Temperature Recording And Regulation





Each furnace is equipped

with pyrometers, but the reading and recording of all temperatures

are in the hands of one man, who occupies a room with an opening

into the end of the hardening department. The opening is about 15

ft. above the floor level. On each side of it, easily legible from

all of the furnaces, is a board with the numbers of the various

furnaces, as shown in Figs. 59 and 60. Opposite each furnace number

is a series of hooks whereon are hung metal numbers representing the

pyrometer readings of the temperature in that particular furnace.

Within the room, as shown in Fig. 60, the indicating instrument

is to the right, and to the left is a switchboard to connect it

with the thermo-couples in the various furnaces. The boards shown

to the right and the left swing into the room, which enables the

attendant easily to change the numbers to conform to the pyrometer

readings. Readings of the temperatures of the carburizing furnaces

are taken and tabulated every ten minutes. These, numbered 1 to

10, are shown on the board to the right in Fig. 59. The card shown

in Fig. 61 gives such a record. These records are filed away for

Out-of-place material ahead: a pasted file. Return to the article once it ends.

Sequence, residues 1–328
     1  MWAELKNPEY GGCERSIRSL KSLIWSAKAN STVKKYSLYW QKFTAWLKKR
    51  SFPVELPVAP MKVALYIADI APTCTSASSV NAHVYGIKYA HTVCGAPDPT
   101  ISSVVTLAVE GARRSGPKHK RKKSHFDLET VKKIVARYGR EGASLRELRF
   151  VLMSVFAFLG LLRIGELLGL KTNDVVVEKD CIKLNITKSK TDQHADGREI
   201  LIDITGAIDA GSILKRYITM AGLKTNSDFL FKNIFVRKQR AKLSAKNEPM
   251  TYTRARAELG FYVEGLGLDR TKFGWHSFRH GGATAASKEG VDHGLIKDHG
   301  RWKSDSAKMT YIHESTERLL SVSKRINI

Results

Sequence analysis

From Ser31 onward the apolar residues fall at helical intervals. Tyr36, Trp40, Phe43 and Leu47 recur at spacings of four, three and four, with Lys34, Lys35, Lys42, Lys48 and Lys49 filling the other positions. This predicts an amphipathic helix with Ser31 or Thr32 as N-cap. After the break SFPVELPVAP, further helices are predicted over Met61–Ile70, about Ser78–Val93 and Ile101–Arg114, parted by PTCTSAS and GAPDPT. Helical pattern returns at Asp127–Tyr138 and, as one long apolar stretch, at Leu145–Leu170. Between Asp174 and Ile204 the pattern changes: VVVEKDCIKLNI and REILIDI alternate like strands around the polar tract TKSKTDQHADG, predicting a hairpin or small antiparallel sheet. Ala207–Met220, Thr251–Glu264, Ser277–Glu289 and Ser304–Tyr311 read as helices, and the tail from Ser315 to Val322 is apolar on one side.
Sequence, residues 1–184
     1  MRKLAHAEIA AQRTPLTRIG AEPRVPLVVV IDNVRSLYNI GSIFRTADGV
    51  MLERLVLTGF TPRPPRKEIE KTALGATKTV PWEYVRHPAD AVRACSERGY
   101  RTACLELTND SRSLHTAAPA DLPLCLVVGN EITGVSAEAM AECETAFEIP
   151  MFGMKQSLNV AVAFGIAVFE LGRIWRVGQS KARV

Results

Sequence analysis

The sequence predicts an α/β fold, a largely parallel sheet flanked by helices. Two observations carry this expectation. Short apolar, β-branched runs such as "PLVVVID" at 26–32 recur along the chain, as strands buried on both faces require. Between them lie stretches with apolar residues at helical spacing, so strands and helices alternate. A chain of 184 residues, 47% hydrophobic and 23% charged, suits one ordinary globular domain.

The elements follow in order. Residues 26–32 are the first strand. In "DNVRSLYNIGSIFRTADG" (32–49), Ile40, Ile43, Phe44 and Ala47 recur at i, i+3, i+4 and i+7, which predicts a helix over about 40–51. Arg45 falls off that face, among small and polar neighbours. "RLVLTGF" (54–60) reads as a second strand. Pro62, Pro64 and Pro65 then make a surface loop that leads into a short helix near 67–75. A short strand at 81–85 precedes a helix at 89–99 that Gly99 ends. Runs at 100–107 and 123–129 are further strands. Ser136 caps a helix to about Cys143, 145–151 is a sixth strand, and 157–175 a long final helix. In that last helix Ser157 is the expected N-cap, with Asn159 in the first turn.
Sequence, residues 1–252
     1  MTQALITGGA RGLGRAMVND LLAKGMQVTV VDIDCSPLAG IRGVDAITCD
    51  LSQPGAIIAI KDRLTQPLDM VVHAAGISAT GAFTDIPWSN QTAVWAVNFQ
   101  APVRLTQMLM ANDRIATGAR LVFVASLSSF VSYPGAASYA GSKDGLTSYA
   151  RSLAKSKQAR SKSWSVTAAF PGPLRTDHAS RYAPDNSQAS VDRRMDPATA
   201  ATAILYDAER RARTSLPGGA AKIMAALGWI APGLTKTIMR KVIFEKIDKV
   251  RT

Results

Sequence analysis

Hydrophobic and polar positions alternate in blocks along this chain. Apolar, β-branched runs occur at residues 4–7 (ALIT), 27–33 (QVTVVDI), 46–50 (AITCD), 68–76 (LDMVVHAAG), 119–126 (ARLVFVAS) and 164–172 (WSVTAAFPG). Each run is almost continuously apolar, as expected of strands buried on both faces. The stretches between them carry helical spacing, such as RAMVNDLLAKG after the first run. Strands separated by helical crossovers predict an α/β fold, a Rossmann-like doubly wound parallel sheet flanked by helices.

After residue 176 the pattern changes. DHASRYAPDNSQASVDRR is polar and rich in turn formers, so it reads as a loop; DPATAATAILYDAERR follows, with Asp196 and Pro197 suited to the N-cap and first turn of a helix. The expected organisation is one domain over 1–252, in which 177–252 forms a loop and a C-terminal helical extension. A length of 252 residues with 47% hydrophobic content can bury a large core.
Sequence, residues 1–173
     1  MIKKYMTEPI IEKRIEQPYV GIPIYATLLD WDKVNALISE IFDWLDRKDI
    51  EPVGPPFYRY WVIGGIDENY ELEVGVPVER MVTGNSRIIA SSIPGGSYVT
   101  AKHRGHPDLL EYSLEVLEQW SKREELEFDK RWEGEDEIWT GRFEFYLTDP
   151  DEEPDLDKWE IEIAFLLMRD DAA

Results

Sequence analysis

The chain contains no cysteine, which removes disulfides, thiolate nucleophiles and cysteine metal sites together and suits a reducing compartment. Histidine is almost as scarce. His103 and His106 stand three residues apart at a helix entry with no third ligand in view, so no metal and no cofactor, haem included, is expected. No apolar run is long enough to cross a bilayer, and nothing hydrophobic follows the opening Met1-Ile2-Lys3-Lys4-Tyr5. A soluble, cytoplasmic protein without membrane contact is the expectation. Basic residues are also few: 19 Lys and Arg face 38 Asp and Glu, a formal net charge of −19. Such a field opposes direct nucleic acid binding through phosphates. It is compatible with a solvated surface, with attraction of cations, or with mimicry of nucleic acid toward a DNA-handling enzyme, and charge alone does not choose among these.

possible future reference.






The temperatures of the reheating furnaces, numbered from 1 to

26 and shown on the board to the left in Fig. 59, are taken every

5 min.



Each furnace has a large metal sign on which is marked the temperature

at which the furnace regulator is required to keep his heat. As

soon as any variation from this is posted on the board outside

the pyrometer room, the attendant sees it and adjusts the burners

to compensate.









DIES FOR GLEASON TEMPERING MACHINES.--In Fig. 62 is shown a set

of dies for the Gleason tempering machine. These accurately made

dies fit and hold the gear true during quenching, thus preventing

distortion.





Temperature For Annealing Temperatures To Use facebooktwittergoogle_plusredditpinterestlinkedinmail

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